The spiralling price of this staple grain has hit Chennai’s households like never before. Deepa H. Ramakrishnan spends a morning at Red Hills that houses most of the rice mills of the city to find out why

The backbone of the city’s rice supply, or the rice and paddy markets in Red Hills, on GNT Road are bustling by the time the rest of the city begins to stir at 6.30 a.m.

Business takes place during just four hours in the morning, and at least half the wholesalers here wind up for the day by 10.30 a.m. Both the rice and paddy markets are situated on the same road, and are separated by a mix of other businessesincluding shops selling seeds, chips and plastic items.

Though the 122 mills in and around the area have been modernised from the old alar mill using 30 HP pumps and their work is far less labour intensive, traders and farmers still stick to the old methods. of cash and carry. “You cannot give a cheque to a farmer. They are only comfortable with cash transactions,” said M. Jayapalan of the Red Hills Paddy and Rice Wholesale Merchants’ Association. Rough estimates put daily transactions at around Rs. 1 crore.

Every day, as the millers and wholesalers check the quality of paddy, a mini traffic jam builds up on this section of GNT Road. “There is another piece of land allotted for the transactions. But farmers somehow feel more secure here, which is why we continue to transact business at the market itself. “Whoever pays the highest amount, buys the paddy,” Mr. Jayapalan said.

Lorries of paddy covered with tarpaulin sheets line the sides of this road by 4.30 p.m. every day, ready for the market the next day. There are over 125 wholesalers, and in a day, the mills process about 2,400 tonnes of paddy to produce 1,000 tonnes of rice. In peak season, as much as 4,000 tonnes of paddy a day comes here.

A bag of paddy weighing 76 kg after being processed in the mills becomes 45 kg of rice and 5 kg of brokens.

“Earlier it used to cost just Re. 1 to process 1 kg of paddy, but now it has gone up to Rs. 5–6, as electricity bills and cost of equipment are added. Even the prices of gunny bags add to the cost. Unpolished rice costs lesser and is healthier. But people prefer white rice so millers are forced to polish the rice,” said D. Thulasingam, president, Federation of Tamil Nadu Rice Mill Owners and Paddy–Rice Dealers Association.

Aged rice also costs more, as the miller has to store the rice and there is wastage of about 10 per cent during the process. The rice loses its viscosity and many people who like rice that is not sticky prefer it. The storage life of raw rice is also less than that of boiled rice.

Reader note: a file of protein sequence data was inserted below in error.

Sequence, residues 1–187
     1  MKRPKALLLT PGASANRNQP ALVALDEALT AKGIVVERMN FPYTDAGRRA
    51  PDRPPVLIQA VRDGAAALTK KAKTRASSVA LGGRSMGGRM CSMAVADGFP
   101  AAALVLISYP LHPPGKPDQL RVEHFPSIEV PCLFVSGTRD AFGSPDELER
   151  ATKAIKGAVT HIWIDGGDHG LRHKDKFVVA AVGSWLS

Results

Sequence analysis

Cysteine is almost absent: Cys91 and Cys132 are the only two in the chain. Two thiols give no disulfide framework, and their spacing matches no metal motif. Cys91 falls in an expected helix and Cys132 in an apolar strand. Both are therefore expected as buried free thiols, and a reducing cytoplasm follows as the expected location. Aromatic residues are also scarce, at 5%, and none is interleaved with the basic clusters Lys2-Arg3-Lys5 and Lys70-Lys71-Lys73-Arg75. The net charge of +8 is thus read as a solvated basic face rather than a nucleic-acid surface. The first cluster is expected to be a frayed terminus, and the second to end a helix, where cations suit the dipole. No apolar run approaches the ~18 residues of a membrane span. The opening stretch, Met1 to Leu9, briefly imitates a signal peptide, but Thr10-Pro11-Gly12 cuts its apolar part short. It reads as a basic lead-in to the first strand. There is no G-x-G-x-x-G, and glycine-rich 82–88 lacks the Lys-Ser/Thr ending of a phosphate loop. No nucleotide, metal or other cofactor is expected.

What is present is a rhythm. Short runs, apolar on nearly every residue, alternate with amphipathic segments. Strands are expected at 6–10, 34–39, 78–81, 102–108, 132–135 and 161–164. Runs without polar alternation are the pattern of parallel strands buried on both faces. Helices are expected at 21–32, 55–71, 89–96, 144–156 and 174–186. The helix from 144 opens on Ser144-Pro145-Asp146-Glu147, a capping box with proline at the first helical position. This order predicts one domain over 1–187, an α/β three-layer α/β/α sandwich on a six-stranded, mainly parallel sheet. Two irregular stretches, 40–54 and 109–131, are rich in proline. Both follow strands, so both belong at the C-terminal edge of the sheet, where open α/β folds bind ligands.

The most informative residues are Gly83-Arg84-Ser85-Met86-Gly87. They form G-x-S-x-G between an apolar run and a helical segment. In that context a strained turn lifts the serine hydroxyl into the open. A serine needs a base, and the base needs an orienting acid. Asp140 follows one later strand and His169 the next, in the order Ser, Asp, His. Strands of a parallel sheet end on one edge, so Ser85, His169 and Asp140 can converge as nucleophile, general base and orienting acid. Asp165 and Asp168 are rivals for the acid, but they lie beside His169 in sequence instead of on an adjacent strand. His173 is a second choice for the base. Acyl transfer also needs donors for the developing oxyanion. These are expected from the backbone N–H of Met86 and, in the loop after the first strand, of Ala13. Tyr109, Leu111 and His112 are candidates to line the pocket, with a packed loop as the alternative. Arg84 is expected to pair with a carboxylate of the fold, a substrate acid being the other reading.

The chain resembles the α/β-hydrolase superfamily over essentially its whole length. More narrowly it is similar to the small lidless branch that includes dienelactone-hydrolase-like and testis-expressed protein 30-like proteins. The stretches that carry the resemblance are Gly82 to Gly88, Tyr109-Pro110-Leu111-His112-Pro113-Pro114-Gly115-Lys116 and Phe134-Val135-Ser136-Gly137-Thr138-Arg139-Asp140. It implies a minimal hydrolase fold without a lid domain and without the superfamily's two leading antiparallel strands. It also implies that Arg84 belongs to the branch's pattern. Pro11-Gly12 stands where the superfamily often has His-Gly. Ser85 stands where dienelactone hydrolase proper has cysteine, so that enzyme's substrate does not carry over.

The market has a band of 341 registered labourers, who are at hand to unload bags from lorries or transfer bags from one lorry to another. “Vehicles that don’t find space inside the market wait near the bypass. Each lorry keeps ready a group of labourers to transfer the gunny bags weighing 76 kg each to the mills. The labourers are paid Rs. 3-5 to carry one bag,” There is some wastage due to handling using hooks, but that is inevitable,” explained Ramalingam, a driver.

N. Unnikrishnan, who travels from Kanniputhur daily to off-load paddy bags, says that during harvest season, each labourer makes up to Rs. 1,000 a day. “Now it is off-season and we earn just Rs. 450. I have been working for 15 years now and when I started, the token that we must buy and keep to work in the area was priced at Rs. 12,500. Now it has gone up to the Rs. 55,000. When we quit working, a new entrant will have to pay us this amount,” he explained.

Despite a conscious move by a section of residents to shift to wheat, and despite the proliferation of fast food, the State consumes about 1.94 lakh tonnes of rice a month through PDS and 1.25 lakh tonnes a month through the private sector. contribution is 1.25 lakh tonnes of rice a month.

In the last decade, the price of rice has more than doubled. The wholesale prices indicate this steep rise — Ponni rice, which was priced at Rs. 20 per kg in August 2002, is today priced at Rs. 38 per kg. Between 2000 and 2002 it was priced between Rs. 17 and Rs. 19/kg. In February 2010, it touched Rs. 30/kg. In February 2012 it was Rs. 30/kg. Wholesalers attribute the spiralling rates to an increase in agricultural input costs including fertilisers, labour and transportation.

In April 2012, a bag of paddy was priced at Rs. 1,000 but the same bag of BPT variety has increased to Rs. 1,500 now. This means the rate of paddy has gone up by Rs. 11 a kg. “This year, farming has been badly hit due to the drought situation in the State. Only 6 lakh hectares of paddy were harvested as against the usual 24 lakh hectares,” said Mr. Thulasingam.

Modernisation came to the mills after the State government cracked down on them for having bonded labourers in 2000. There were around 5,000 workers then, but now there are just about 1,000 labourers. The process too, has changed. “We have gone in for equipment and need men only to operate, service and repair the machines. We need unskilled labourers only to carry the bags,” explained a senior staffer at a rice mill.

However, labour shortage has had its negative effects too. Also, due to a labour shortage, Chennai now gets rice from other districts including Salem, Thiruvannamalai, Tiruppur and Erode, Tirunelveli and Madurai too. The market, which also works on Saturdays and is open throughout the year, gets paddy from Tiruvannamalai, Theni, Cumbum and Ramanathapuram.

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